3. We went through a similar situation with our old dog Cooper who had a touch of Sharpeii/Pit in him but he was mostly Lab. He is why Ginger has one less eye. Even after that incident happened I still tried to keep him but keep them separated. That was until he actually went after her during a quick potty break and picked her up at the top of her back and started shaking her trying to basically kill her and I had to separate them. Needless to say I had a ton of scratches and was totally freaked out cause my 4 year old was right behind me as the whole thing happened. It was awful and I cried for what seemed like forever cause Cooper was my little cuddle bug but I could no longer trust him around Ginger or around my son. He never showed aggression toward anyone but Ginger. The vet said he wanted to be the dominant dog and Ginger being a terrier was not having that. Cooper went to a local shelter and from what I was told was adopted out to home where he would be the only dog. I still miss him but it was what was best for everyone.

  4. Sweetie here,
    Some of you know that I'm Nola's grandma. We were taking a drive when we found Roxie and it was my crying over her that led us to bringing her into our lives.
    DM has spent countless hours on Roxie's care and rehab. She's spent a small fortune on her health care and special needs.
    I've been so touched by the blog worlds kindness and support, from the positive thoughts to the gifts for Roxie, it's really restored my faith in humanity to see so many pull for one poor puppy.
    The decision on Roxie's future has just broken DM's heart. The tears, the heartache, the gut wrenching options, the tears, (and did I mention the tears?) have not been easy to watch. This decision was neither hasty nor easy.
    Your continued love and support during this tough time is greatly appreciated.

    1. We just love you Sweetie! We will ALWAYS stand behind DM in any decision she makes.

      Lily Belle & Muffin

    2. That's why you're so awesome, Lily Belle, Muffin and K! :)

  5. The thought of rehoming is a heartbreaker for anyone. But I would do the same. Keeping Roxie may change all your pups behavior. We know you will find the best home for her. You saved her life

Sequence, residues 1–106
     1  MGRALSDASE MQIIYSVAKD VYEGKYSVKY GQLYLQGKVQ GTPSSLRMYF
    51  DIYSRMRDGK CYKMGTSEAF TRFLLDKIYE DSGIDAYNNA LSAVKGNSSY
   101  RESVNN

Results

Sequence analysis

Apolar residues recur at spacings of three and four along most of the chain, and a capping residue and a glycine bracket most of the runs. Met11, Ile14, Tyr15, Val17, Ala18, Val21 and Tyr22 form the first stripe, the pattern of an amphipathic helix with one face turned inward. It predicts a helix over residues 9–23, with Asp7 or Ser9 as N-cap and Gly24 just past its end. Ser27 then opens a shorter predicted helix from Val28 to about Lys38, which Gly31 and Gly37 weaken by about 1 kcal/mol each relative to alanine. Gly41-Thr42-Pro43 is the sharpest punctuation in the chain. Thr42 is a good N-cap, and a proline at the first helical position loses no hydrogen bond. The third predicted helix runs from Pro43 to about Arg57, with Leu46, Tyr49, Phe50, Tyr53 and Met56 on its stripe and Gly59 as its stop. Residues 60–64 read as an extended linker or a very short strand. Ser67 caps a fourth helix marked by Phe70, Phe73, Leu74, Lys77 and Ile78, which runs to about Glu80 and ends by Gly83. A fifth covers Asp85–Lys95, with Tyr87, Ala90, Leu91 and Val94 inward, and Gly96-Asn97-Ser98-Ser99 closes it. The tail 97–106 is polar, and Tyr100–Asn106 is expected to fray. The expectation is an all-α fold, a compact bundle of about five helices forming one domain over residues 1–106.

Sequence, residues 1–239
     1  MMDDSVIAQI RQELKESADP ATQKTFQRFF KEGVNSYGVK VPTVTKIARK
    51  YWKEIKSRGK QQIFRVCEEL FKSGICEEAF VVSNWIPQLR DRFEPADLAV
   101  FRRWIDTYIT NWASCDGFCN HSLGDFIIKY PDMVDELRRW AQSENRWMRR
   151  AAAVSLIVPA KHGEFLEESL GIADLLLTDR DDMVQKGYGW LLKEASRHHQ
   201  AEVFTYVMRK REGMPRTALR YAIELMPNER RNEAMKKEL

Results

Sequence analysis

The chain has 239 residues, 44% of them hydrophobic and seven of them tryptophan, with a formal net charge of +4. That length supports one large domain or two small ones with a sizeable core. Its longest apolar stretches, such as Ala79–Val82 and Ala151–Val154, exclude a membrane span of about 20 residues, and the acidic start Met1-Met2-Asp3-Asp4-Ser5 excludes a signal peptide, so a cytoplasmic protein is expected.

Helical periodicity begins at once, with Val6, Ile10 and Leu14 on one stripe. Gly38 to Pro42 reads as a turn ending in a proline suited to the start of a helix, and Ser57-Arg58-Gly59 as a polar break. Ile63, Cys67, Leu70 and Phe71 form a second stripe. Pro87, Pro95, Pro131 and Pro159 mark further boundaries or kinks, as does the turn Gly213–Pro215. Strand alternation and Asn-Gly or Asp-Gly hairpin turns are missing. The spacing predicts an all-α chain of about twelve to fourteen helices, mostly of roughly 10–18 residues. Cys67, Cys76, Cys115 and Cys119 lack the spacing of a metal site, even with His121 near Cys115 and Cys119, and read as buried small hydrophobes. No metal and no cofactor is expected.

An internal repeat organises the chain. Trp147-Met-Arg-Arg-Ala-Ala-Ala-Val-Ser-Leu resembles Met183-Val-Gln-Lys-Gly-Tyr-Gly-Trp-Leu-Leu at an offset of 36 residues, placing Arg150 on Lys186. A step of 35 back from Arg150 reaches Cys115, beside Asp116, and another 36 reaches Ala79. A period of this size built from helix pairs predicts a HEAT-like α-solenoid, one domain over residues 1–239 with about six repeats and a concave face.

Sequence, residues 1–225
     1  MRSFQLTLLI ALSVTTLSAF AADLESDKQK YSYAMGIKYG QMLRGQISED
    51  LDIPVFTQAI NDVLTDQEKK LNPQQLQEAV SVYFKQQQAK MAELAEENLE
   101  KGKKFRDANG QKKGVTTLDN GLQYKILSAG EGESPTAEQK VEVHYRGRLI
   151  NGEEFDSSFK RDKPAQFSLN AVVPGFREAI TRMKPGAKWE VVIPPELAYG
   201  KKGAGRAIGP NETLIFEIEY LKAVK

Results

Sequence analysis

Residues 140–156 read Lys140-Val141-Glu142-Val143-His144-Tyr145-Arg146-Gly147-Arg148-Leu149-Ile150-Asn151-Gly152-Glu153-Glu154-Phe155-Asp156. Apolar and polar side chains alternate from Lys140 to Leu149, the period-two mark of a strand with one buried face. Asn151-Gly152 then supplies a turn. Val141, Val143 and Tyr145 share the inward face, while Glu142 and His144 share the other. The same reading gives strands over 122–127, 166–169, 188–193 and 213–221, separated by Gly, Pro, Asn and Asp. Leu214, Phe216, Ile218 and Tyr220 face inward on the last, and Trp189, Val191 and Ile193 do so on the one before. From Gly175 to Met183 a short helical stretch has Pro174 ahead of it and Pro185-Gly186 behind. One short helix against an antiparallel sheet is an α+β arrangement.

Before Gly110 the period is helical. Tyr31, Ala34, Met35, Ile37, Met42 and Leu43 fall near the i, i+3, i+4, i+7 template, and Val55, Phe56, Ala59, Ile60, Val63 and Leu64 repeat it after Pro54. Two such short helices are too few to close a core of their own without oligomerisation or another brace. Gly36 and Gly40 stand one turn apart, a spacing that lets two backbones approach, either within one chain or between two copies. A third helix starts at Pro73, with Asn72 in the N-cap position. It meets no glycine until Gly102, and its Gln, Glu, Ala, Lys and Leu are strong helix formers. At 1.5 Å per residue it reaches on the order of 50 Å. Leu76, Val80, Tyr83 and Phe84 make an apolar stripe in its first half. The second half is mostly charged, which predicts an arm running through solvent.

Lily & Edward

  6. Oh Miss.DM, you did - are are continuing to do!- your very best for Roxie. It is sad that sometimes the best thing isn't always the easiest. You saved that little girl form the side of the road and what would have certainly been death, and that is an AMAZING thing. It's sad that she has shown this trait that could potentially cause harm, and even managed could still cause problems in your home due to stress from worry and just the management of it. She sounds like a wonderful dog...just not the dog for your household. HOWEVER I am sure there is another family out there where she would be the missing piece to their family. As a previous poster, Bailey, already mentioned you have been an AMAZING OUT OF THIS WORLD foster mom for Roxie as she got back on her feet. I know this isn't much help but, there is no reason to feel bad about this decision. You are ensuring a happy life for yourself, your dogs AND Roxie by having made it.

  7. I'm so sorry you are going through - I really admire you for all of the thought and consideration you have put into this difficult decision. I have friends who went through a similar experience and had to re-home a dog as well. They even went to a behaviorist who basically told them what you have already concluded in your post above. Although it was very, very, very hard for them to make the decision and re-home the dog there was a huge relief from everyone (dogs included) once the decision was made and the dog made it to its new home.